As the ancient Greeks might say, this self-critical, recursive reasoning about reason is vital to eudaemonia, or maintaining and renewing a personal process of flourishing in our (highly social) lives. And it is one of the important–but perhaps underappreciated–contributions of later 20th Century sociocultural theory from the anthropological and sociological traditions in Europe and the United States. For sociologists such as Pierre Bourdieu and Anthony Giddens and cultural anthropologists like Sherry Ortner and Marshalll Sahlins, such critical and reflexive application of reason to analyzing social relationships, identities, and power involves taking a step back. It involves starting from the premise that our social lives are shaped by constant, real-time feedback between embodied experience and action. And in everyday embodied experience and action, the appropriation of “reason” (for example) as a symbolic abstraction–a metonymic allusion to a tangle of further symbols and beliefs about morality, right, and social order–is almost inevitable. At a basic level, simplified symbolic associations are so important for calibrating our social position and actions, that it takes great effort and socially institutionalized discipline to make time and space to apply proper reason to a social problem or dilemma. We are very strongly influenced by the metaphorically and metonymically connected symbolic structures that facilitate social action and judgment (of us and others). And if we want to stay in the social game and influence social states of affairs, we have to use the prevailing symbolic strategies available to us. All too often, we just don’t have time for reasoned persuasion as a relevant social strategy.
Thus, if we want to understand why things happen, we need to work together to develop educational strategies and structures to support open-mindedness, learning, research, and the application of reason. This gives clearer expression to what is more often referred to as critical thinking.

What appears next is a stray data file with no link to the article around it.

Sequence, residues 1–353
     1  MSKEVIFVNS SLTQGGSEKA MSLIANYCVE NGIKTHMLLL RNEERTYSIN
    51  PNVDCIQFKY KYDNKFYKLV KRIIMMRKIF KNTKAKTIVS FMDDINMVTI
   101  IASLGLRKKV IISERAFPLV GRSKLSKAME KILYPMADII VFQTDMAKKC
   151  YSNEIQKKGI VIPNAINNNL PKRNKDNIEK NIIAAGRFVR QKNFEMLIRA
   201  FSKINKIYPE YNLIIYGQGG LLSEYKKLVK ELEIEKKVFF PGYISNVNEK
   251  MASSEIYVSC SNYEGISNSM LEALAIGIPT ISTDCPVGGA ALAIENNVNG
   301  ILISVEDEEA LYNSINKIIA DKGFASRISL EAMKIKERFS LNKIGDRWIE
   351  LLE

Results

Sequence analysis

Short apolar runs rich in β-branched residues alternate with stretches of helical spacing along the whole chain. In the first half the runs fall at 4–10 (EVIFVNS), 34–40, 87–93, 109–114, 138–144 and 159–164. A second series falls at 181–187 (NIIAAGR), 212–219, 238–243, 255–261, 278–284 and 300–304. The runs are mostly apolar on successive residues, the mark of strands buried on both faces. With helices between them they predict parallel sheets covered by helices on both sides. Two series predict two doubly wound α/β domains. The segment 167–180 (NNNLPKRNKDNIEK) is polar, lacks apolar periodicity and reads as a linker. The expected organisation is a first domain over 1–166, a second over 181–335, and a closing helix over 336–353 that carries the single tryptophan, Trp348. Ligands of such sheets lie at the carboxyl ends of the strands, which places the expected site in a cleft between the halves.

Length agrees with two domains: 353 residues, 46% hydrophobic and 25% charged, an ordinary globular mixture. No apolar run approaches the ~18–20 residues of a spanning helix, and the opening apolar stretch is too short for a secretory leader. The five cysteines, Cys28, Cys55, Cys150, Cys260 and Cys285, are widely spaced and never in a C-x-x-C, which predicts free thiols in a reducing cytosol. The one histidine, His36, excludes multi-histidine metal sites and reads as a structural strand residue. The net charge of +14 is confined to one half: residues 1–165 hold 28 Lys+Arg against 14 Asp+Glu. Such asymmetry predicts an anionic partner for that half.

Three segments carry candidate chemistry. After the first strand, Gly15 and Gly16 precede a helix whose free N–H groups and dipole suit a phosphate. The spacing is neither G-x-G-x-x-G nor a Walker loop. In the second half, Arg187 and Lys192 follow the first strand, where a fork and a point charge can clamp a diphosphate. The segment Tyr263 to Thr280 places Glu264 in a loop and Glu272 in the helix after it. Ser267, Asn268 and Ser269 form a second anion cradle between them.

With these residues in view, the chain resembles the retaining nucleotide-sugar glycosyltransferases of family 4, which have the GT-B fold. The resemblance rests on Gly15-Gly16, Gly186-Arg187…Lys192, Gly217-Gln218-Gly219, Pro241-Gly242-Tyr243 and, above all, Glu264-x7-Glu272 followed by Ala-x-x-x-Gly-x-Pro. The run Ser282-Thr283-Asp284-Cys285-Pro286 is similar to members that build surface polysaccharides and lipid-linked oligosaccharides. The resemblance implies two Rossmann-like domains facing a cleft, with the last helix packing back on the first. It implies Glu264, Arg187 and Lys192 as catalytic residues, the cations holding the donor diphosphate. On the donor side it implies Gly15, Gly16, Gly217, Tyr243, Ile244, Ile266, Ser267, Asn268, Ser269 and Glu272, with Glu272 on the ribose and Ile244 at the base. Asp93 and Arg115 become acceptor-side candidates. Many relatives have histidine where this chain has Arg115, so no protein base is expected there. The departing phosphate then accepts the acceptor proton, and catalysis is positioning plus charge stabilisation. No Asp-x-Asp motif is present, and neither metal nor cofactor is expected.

And here, a relevant anthropological perspective is that the very real-time, complicated practice of human social life makes it especially easy to use partial symbolic abstractions to construct attractive appeals to authority … or to construct reasonable sounding explanations, demonstrations, judgments, and calls to action. (One of my high school congressional debate teammates always began every speech I heard him make with: “There’s a difference between good sound reasons and reasons that sound good.”) A coordinated effort to foster critical thinking and open-mindedness must therefore involve a careful balance. Learning and reasoning has to involve rigorous and vigorous training, mutual criticism and self-criticism. And certainly proper rest in between such structured engagement.
And all the while, part of such a curricular approach would have to involve constructive support for avoiding slipping into using the disciplinary structure itself as a tool for control, facilitating unreasoned appeals to authority or order or convenience. Part of the curricular approach has to involve structured time to learn from such slippages. As the diagram to the left indicates, EACH OF US is involved in a complicated, embodied, continuous-time process of constructing the past and memory, even as we think, feel, and act to contribute to constructing the future.
Anthropology has a privileged position here, by virtue of its broad, interdisciplinary and cross-cultural subject matter. Yet, Anthropology has hardly made progress on the objective of improving the challenging, simultaneously communal and self-critical work of reasoning about complicated phenomena. There has been plenty of vigorous and productive high-level academic research, writing, and debate. But the scope of the problems tackled in individual debates has often been narrow, with much redundancy, as separate groups of specialists have tackled similar problems while using distinct–and socially distinguishing–terminology and intellectual references. In the process, little effort has been given to working collectively and effectively on how Anthropology’s holistic content can contribute not only to the often-too-narrow application of reason in our research, but also to the teaching and fostering of reason and critical thinking in liberal arts education in general.
Confronting the Problems with the Aristotelian Causality Framework
I have taken some time to go into this foundational concern about how and why we approach the problem of causality in the the first place because Anthropology’s emphasis on the continuous real-time, symbolically structured and structuring nature of social experience, judgment, and action points us toward a key contemporary philosophical issue, one that we should all care about. We need to understand why Aristotle’s view of causality–clear as it may be–only offers limited … well, significantly limited insight.
Part of this has to do with the structure and process of gaining new knowledge. A given demonstration that uses Aristotelian causality to explain why a thing exists may be especially logically tight and apparently compelling. But neither the conclusions nor even the premises are necessarily true. Only a few generations after Aristotle died, Ptolemy’s great work on the movements and distances among the heavenly bodies offered highly logical demonstrations of the spatial relationships among the Earth, Sun, and Moon. He got the part about their having spherical shapes right. But his observations were consistent with his premises and arguments about cause, leading him to conclude that the Sun revolved around the Earth…